Minstrel Banjo

For enthusiasts of early banjo

From the 1857 Sheetmusic

Views: 126

Comment by Tim Twiss on November 30, 2009 at 9:08am
Wild harmonization you have there.
Was it really cold, or was it just a cold ?
Thanks for the seasonal offering. Great!
Comment by Tim Twiss on November 30, 2009 at 10:43am
I meant "was it really cold, or just a costume"?
Comment by Elaine Masciale on November 30, 2009 at 1:15pm
Why, Tim, thank you for your kind comments. As to the clothing - well, you're supposed to imagine us sitting in a one-horse open sleigh, dashing along, while John merrily plays the banjo and absolutley no one controls the horse. My bells are meant to encourage the horse to run in tempo. (So, in reality, the outfits are costume, although you KNOW how that word gives a reenactor the creeps. Thanks goodness the fireplace, which is thermostatically controlled, did not come on while we were recording). John was stubborn and sacrificed authenticity by his refusal to wear mittens while playing.

As to the harmony, playing sleigh bells is a complicated and vastly underrated skill. How many bells to use or mute? Should you break into a gallop at points? Overwhelm the banjo? The choices are many and require the bell player to use his head, as you will notice in our outtake. Not to mention skill of smiling all the time WHILE playing....sigh. Sometimes the choices just "sleigh" me! :)
Comment by Brian Welch on December 2, 2009 at 9:23am
Wonderful! It immediately reminded me of a passage from an 1837 Ladies Companion article I recently found entitled "A Ball at the Far-West" (which in 1837 was, according to the article, "the New State of Michigan."--this one's for you Tim)

"It was a cold, clear, bright night; a few winters ago;
and the snow which thickly covered the earth reflected
brightly the beams of the moon. It was just the night
for a sleigh ride--and a sleigh ride the boys and girls of
Watertown were bent on having. Indeed, that night
had been selected by them, for a famous meeting, in the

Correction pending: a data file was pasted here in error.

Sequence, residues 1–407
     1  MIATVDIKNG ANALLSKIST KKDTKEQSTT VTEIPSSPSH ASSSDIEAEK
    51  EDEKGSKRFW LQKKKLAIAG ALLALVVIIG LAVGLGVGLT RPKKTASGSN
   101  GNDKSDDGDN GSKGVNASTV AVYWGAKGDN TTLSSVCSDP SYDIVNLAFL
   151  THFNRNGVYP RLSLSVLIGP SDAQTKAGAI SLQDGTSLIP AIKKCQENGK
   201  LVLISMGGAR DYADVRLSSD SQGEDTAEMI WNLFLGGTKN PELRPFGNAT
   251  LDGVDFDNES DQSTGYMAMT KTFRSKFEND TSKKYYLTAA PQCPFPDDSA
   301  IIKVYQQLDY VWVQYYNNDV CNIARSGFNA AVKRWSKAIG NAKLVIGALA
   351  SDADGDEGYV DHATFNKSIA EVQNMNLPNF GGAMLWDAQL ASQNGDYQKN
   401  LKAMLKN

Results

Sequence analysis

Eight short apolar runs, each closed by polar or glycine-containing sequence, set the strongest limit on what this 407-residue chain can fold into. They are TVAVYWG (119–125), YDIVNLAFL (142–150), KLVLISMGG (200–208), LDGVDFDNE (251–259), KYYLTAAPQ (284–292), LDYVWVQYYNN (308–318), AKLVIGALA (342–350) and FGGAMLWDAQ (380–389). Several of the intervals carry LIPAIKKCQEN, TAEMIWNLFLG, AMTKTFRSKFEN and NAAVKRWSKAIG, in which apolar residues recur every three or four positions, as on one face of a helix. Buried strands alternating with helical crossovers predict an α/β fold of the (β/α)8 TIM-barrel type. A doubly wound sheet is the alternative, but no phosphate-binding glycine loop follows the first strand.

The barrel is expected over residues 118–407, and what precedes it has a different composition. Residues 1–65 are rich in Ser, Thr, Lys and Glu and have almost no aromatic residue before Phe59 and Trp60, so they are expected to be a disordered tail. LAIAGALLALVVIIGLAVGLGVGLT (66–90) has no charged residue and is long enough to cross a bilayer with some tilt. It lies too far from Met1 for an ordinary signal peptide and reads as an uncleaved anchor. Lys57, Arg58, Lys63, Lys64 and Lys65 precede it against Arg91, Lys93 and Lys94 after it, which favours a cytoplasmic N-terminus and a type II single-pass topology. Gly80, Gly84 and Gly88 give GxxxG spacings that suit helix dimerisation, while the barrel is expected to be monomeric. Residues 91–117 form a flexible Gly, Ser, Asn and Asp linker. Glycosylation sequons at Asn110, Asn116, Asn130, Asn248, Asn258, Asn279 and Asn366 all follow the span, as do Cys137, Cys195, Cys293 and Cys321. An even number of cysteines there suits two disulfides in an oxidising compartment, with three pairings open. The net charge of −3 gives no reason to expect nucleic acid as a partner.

manner of a convivial party, which they had been planning
for a week before-hand. So they all pressed into
the sleighs, tightly packed, the girls in the boys laps;
and old Sambo, with a fiddle, and Caesar with a banjo,
and Pompey with his jews-harp to supply the music.
There was every species of conveyance adapted by the
ingenuity of man to snow covered plains, from the
substantial double sleigh, capable of containing in its capacious
interior a family of “Varrmounters,” to the single
one horse jumper, formed of a sapling and a few boards--the
work of an hour; but warmly covered with the
skins of the bear and the buffalo. All were crowded to
the extent of their capabilities, with the mirth-seeking
inhabitants of Watertown.

Away they flew with the speed of the wind. Sambo
sawing at his fiddle, Caesar twanging at his banjo, and
Pompey re-enacting Orpheus, with a jews-harp in each
corner of his mouth--and all the voices in the company
echoing that spirited and soul stirring air:

“Going down Sandy Hollow 'tother aftemoon.
Going down Sandy Hollow 'tother aftemoon.
The first man I met was old Zip Coon”

And at the end of every verse, vociferating with wonderful
power of lungs, that tribute to Mr. Coon’s excellence
of character, contained in the words :

“Oh, Mister-Coon, is a very fine fellow,
Plays on the banjo down in Coney-Hollow”


I have a pdf of the full article if anyone is interested. Just can't post it due to copyright restrictions.

--Brian
Comment by halisha thomas howell on December 3, 2009 at 8:54pm
those two instruments sound particularly joyful together....you've relieved much of my holiday stress

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